Far more devastating, though, is the unjust misogyny and toxic opinions in society that the film sets out to explore. From the very first scene, we get a hint of the monstrous François’ sexual politics when he playfully dubs his wife a witch for not giving their son some chocolate; later on, when he reappears after days of absence (highly implied to be another sex binge), he’s teary-eyed and constantly whispering romantic lines in his wife’s ear in the vain hope that she’ll take him back. Far worse is when Alice tells her mother about her husband’s numerous flings with prostitutes, with the mother being quick to defend her son-in-law and even quicker to criticise her own daughter for not giving him the pleasure he apparently needs. Scenes like these where Alice is constantly being patronised and made to feel far less important than she really is are way more uncomfortable to sit through than any scene involving sex or nudity (which there is interestingly little of), because much like Henrik Ibsen’s classic play A Doll’s House it serves to show an uncomfortably male dominance in every aspect of this woman’s life, as if to say men can get away with anything they want while the women are left to pick up their mess. Every time you see François trying to weasel his way back into his family, always coming up with some excuse for his inexcusable behaviour, and later asserting control by threatening legal action, you just want the scorned Alice to deck him right in his Eiffel tower, because just like her you are fed up with his hypocrisy and entitlement that, unfortunately, rings true for the much larger society that the film puts under the spotlight.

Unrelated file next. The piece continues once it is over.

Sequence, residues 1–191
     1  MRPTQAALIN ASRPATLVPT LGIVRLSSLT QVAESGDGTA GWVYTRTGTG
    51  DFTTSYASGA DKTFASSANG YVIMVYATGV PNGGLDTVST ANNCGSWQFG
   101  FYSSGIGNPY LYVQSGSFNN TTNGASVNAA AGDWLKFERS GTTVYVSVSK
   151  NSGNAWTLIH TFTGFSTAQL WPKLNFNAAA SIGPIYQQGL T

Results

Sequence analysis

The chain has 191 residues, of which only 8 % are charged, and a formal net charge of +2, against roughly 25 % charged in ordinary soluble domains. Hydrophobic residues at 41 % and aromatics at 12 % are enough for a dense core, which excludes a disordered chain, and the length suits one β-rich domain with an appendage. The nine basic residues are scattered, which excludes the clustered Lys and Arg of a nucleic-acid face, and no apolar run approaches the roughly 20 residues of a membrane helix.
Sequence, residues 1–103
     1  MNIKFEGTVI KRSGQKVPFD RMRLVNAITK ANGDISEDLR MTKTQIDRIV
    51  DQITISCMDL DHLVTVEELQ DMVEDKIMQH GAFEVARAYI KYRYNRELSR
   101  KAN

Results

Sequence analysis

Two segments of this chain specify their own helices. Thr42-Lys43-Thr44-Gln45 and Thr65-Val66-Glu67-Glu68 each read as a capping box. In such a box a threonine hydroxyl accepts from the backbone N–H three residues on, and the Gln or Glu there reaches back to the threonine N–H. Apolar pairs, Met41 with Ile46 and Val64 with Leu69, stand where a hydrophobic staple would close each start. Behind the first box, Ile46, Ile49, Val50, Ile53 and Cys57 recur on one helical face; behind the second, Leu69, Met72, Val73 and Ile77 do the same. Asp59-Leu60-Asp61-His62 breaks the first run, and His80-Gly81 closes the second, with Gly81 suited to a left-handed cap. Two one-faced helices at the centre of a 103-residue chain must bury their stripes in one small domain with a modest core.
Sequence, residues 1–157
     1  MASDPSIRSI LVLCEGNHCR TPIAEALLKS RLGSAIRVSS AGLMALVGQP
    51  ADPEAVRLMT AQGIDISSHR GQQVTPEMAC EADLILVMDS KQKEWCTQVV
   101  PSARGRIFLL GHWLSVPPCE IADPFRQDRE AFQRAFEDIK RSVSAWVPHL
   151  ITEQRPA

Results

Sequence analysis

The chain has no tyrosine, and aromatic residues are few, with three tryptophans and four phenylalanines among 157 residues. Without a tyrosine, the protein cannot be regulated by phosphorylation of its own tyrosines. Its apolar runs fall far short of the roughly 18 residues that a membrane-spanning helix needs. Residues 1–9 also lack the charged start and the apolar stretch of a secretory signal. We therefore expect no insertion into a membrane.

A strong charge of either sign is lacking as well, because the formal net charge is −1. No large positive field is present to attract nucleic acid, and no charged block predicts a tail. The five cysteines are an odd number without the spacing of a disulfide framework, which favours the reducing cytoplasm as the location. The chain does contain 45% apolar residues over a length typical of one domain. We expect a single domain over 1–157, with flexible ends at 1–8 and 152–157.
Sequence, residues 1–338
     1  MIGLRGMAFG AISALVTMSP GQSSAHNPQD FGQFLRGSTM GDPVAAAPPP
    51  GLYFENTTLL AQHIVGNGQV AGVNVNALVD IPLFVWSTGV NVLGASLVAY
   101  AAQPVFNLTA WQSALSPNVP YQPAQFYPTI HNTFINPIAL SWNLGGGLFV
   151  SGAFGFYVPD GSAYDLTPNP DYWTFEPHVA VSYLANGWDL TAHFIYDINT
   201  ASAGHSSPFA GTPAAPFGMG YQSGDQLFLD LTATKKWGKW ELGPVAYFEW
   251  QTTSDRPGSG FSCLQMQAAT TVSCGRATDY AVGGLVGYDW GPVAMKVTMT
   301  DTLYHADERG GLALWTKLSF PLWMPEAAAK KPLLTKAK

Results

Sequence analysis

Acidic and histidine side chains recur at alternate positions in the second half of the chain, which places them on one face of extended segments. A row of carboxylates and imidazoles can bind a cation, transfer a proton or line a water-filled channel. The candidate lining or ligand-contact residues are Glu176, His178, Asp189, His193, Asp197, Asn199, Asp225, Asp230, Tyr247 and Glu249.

The film conveys what it wants to say without overstepping its boundaries, but also remembers to be a smart, entertaining, even comical at times drama that dives deep into the scorned female psyche and relishes the wonders that it is capable of. Mackerras is a formidable talent behind the camera, and with this being her first feature after a handful of shorts she breaks through with impressive craftsmanship ranging from some colourful cinematography to slick editing choices. Hopefully she will go on to do great things, because if she can make a story about a struggling housewife becoming an escort feel like an inspiring and empowering crowd-pleaser, then her talents must be astronomical.
SO, TO SUM UP…
Alice is an empowering and even uplifting tale of a scorned wife entering the world of prostitution, admirably sidestepping most of the negative connotations surrounding the profession to show how it helps the lead character – played remarkably by Emilie Pionnier – come out of her shell, with writer-director Josephine Mackerras also shedding light on uncomfortable double standards and casual misogyny that sadly exists in our society.